The Bible tells us that there is only one way to God, and that is through Christ Jesus. Not through my faiths or beliefs or convictions, or by living a good life, or through gentleness or being at peace with my neighbour. No, the only way to God is through His Son, Jesus Christ, who died for us. Who paid the price for our sins on the cross and then rose again. That is the Gospel.

Nor are we all God's children if we are not saved by faith. Regardless of whatever good deeds we may clothe ourselves with, they are as filthy rags before a holy and righteous God if we have not believed on the name of His Son, our Lord Jesus Christ.

The Archbishop of Canterbury, the Most Reverent Justin Welby, may believe that there was "nothing that offends against Christian worship" in the inclusion of peoples of different faiths, or in the pledge or prayer that King Charles made or were made on his behalf, but I have to respectfully disagree.

As Christians we should be offended when a false gospel is preached. As Christians, we should be offended when other religions are presented as an equal way to God. As Christians, we should be offended when all we know to be true is watered down to please the non-believer or make them feel comfortable.

Yes, we all desire peace, and should pray to that end. But peace shouldn't come at the cost of someone's soul. Letting people believe that there are many ways to God, is not showing love. The truth may offend but should not be sacrificed on the altar of niceness or not wanting to upset the apple cart.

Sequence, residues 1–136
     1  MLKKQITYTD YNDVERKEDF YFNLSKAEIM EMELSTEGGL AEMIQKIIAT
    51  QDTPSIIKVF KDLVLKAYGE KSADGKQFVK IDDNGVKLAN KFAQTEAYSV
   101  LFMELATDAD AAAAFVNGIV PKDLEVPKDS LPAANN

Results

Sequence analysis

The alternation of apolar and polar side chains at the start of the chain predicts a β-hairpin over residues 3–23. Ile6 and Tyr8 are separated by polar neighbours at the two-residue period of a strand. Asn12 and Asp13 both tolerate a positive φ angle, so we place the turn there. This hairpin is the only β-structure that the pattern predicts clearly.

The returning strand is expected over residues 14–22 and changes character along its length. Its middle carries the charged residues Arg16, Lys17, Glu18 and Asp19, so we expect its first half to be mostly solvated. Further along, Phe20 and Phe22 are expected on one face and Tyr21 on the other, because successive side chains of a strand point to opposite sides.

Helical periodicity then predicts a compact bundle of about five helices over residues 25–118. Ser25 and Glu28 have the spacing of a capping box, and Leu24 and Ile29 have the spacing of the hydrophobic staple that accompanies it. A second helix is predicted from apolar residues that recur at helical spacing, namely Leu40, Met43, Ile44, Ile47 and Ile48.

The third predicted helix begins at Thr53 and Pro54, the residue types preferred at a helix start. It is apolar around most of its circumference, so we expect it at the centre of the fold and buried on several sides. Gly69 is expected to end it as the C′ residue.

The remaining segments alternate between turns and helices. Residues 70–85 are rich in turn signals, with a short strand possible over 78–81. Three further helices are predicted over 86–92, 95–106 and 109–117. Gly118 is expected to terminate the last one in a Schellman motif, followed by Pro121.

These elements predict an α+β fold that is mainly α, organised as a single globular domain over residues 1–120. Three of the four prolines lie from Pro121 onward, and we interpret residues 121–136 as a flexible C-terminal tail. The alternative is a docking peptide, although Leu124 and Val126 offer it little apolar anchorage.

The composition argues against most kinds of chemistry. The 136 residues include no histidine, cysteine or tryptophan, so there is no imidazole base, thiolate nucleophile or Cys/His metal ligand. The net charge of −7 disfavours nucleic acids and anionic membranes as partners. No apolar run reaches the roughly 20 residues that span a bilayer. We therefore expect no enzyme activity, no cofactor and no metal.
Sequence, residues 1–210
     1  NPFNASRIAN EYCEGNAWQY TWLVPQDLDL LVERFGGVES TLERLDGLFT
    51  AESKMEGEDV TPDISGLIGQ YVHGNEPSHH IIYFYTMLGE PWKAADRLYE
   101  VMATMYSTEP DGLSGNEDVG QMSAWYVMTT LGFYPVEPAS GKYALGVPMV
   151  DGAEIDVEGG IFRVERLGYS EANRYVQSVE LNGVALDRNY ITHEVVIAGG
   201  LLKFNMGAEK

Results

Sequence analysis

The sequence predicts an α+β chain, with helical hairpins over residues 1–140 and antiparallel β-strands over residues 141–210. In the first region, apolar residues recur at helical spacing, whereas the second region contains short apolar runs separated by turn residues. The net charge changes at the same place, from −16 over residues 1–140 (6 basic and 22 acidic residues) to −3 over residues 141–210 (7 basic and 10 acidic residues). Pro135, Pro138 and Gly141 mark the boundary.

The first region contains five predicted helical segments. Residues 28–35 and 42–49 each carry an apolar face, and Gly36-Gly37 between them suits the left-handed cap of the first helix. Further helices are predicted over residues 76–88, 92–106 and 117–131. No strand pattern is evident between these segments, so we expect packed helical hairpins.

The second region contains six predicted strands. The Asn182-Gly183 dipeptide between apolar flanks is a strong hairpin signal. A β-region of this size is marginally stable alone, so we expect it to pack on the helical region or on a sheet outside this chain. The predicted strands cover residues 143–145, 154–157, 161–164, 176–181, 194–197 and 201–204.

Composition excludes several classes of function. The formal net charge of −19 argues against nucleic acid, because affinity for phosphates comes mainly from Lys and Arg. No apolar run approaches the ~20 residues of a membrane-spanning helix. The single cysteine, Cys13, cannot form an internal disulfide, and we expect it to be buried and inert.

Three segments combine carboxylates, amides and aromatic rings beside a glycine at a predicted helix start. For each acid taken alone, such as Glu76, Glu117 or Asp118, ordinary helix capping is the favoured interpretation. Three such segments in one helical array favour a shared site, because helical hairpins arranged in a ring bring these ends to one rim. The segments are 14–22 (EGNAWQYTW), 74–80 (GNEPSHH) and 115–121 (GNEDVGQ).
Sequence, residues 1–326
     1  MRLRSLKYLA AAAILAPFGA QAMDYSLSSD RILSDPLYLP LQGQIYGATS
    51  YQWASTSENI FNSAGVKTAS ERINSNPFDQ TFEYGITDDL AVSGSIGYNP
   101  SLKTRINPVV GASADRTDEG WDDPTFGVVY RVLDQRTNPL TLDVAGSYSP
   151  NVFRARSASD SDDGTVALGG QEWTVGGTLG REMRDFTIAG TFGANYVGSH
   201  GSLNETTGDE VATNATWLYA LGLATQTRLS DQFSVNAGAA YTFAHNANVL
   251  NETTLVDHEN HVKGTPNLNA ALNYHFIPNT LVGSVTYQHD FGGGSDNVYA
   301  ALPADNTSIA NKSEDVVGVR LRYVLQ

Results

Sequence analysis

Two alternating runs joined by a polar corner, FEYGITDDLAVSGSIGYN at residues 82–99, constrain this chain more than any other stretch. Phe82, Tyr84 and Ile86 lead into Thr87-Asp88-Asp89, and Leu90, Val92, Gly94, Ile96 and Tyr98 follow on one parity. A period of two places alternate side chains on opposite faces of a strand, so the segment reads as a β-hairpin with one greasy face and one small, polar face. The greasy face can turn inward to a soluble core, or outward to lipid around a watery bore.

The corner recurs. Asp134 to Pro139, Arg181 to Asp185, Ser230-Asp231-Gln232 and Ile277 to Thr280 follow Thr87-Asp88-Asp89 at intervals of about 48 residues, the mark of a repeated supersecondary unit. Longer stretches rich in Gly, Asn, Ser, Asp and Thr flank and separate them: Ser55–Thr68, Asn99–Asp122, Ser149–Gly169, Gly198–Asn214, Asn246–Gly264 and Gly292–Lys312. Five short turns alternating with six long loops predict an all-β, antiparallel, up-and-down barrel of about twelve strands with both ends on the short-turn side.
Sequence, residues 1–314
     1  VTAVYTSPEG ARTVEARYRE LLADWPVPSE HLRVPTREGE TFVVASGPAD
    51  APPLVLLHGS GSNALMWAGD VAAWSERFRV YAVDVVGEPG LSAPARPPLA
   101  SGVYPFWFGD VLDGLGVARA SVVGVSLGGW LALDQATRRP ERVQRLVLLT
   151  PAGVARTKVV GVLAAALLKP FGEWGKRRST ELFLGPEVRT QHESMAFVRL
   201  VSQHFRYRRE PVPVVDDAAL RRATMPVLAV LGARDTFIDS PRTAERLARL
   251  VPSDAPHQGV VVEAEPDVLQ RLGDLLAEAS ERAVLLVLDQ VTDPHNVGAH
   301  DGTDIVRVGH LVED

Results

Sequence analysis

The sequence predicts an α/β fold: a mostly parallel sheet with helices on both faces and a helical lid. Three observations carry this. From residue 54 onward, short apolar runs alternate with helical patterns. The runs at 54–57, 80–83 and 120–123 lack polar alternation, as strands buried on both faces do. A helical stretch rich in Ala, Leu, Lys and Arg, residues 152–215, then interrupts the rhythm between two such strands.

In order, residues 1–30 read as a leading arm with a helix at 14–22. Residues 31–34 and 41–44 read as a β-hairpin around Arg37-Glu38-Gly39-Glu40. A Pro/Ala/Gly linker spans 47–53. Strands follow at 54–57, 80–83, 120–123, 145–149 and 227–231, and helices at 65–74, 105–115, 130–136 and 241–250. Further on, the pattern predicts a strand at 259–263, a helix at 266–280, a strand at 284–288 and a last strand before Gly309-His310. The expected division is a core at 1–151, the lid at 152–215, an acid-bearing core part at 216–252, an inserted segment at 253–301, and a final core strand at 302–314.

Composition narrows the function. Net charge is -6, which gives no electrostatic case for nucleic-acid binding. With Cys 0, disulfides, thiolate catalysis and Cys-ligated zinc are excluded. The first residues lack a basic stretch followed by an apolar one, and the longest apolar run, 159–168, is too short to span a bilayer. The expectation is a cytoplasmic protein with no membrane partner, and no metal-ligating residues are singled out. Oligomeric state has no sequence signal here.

King Charles III may feel "bound to respect those who follow other spiritual paths, as well as those who seek to live their lives in accordance with secular ideals", and we acknowledge that people have a right to choose what they will or will not believe, and whether they will or will not accept Christ, but a deeply religious ceremony, such as the Coronation was, should not reinforce the idea that all faiths lead to God. They don't.

Sadly, this has become all too common in Christianity today. Charles III and The Archbishop of Canterbury are not alone in this. Too often churches compromise with the world so that people are not offended. It's become a pandemic in the modern church.

So what can we do?

Pray. God is still God and He still answers prayers. And if there's ever a time when people need to hear the Gospel without apology, it's now.

Therefore God also has highly exalted Him and given Him the name which is above every name, that at the name of Jesus every knee should bow, of those in heaven, and of those on earth, and of those under the earth, and that every tongue should confess that Jesus Christ is Lord, to the glory of God the Father. Philippians 2:9-11, NKJV.